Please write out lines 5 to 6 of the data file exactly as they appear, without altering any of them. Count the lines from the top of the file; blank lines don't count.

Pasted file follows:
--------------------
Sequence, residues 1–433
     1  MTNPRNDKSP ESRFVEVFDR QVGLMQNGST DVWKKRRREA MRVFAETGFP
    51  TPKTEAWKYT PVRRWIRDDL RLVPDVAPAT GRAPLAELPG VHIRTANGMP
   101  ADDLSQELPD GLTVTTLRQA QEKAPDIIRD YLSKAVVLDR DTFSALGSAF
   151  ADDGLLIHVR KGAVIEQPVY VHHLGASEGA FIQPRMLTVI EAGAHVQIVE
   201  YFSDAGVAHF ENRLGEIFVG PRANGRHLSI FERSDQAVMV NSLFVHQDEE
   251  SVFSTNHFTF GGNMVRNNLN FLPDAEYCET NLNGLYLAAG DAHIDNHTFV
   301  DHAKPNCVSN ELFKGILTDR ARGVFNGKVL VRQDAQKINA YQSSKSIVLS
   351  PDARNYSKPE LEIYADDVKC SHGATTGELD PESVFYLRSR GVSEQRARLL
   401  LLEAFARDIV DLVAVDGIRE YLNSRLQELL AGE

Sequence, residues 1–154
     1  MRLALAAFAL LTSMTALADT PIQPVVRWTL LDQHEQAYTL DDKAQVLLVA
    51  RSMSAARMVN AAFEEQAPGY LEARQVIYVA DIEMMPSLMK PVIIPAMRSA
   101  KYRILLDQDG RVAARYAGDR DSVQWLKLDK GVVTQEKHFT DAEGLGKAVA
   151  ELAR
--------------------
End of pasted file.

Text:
   151  ADDGLLIHVR KGAVIEQPVY VHHLGASEGA FIQPRMLTVI EAGAHVQIVE
   201  YFSDAGVAHF ENRLGEIFVG PRANGRHLSI FERSDQAVMV NSLFVHQDEE